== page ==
THERE is no harm in teaching others if the preacher has a commission from the Lord. Nobody can confound a preacher who teaches people after having received the command of God. Getting a ray of light from the goddess of learning, a man becomes so powerful that before him scholars seem mere earthworms.
What will a man accomplish by mere lectures without the commission from God? Once a Brahmo preacher said in the course of his sermon, ‘Friends, how much I used to drink!’ and so on. Hearing this people began to whisper among themselves: ‘What is this fool saying? He used to drink!’ Now these words produced a very unfavourable effect. This shows that preaching cannot bring a good result unless it comes from a good man.
A high Government official from Barisal1 once said to me, ‘Sir, if you begin the work of preaching I too shall gird my loins.’ I told him the story2 of people’s dirtying the bank of the Haldarpukur and of its being stopped only when a constable, armed with authority from the government, put up a notice prohibiting it.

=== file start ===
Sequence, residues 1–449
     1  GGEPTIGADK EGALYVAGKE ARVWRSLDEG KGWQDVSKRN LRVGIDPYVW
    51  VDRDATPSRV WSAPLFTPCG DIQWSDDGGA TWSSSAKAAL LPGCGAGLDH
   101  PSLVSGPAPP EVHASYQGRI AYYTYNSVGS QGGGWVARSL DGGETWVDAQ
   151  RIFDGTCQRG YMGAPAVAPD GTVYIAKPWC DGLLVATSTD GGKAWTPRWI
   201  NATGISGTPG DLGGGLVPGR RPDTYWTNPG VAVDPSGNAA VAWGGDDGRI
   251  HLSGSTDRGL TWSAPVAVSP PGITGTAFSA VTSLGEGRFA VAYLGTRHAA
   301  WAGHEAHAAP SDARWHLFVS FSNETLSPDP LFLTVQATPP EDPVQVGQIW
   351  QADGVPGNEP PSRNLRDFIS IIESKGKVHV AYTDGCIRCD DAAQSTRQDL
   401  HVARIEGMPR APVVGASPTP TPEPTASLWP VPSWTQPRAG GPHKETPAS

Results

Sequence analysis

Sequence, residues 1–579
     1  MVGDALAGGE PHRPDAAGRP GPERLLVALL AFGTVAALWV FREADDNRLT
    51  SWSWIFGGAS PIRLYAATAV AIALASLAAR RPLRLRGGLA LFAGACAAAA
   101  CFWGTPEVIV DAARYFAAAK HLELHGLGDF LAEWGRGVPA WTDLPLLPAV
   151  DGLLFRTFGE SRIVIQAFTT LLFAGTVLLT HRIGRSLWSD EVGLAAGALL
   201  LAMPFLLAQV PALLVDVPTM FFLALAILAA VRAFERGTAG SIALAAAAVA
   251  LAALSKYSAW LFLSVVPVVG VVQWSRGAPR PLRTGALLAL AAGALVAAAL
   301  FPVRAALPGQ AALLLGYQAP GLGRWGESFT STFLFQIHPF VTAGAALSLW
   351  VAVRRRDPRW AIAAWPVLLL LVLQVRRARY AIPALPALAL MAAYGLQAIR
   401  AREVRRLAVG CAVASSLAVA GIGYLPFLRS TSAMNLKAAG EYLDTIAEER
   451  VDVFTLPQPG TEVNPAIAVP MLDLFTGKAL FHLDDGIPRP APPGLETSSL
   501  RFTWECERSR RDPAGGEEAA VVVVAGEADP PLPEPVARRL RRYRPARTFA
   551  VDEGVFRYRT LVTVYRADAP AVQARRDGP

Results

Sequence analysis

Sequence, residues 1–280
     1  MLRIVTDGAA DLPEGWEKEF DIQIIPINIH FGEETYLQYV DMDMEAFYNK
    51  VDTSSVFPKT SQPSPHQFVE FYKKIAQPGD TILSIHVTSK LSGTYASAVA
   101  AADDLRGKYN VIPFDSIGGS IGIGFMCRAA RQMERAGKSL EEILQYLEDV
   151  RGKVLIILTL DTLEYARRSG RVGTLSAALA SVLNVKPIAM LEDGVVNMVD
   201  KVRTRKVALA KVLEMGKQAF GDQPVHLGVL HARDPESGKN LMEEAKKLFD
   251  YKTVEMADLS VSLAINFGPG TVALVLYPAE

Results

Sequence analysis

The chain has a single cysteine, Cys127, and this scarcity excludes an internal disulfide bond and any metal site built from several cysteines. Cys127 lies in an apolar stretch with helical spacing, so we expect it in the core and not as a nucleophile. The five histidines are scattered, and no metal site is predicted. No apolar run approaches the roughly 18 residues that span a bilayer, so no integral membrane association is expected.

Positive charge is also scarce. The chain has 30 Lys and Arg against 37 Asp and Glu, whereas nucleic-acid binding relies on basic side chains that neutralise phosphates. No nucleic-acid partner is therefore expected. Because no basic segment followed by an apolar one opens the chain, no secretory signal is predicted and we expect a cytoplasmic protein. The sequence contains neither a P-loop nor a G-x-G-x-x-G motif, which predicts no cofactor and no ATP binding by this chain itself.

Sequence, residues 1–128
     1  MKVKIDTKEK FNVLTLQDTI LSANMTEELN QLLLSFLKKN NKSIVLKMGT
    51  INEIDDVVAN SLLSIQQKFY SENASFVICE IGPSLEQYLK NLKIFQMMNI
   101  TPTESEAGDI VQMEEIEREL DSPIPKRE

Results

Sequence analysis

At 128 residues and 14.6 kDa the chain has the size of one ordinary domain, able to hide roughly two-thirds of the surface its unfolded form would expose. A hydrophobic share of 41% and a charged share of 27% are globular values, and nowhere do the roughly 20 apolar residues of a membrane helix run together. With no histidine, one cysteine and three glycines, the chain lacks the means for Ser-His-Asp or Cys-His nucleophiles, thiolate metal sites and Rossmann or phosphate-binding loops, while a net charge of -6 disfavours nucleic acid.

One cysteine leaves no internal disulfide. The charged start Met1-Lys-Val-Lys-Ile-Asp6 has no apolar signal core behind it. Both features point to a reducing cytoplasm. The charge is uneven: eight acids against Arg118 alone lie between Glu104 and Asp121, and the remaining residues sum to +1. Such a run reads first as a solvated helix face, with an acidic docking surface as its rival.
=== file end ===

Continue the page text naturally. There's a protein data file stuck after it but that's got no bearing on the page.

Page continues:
So I say, a worthless man may talk his head off preaching, and yet he will produce no effect. But people will listen to him if he is armed with a badge of authority from God. One cannot teach others without the commission from God. A teacher of men must have great power. There’s many a Hanumanpuri3 in Calcutta. It is with them that you will have to wrestle. (165)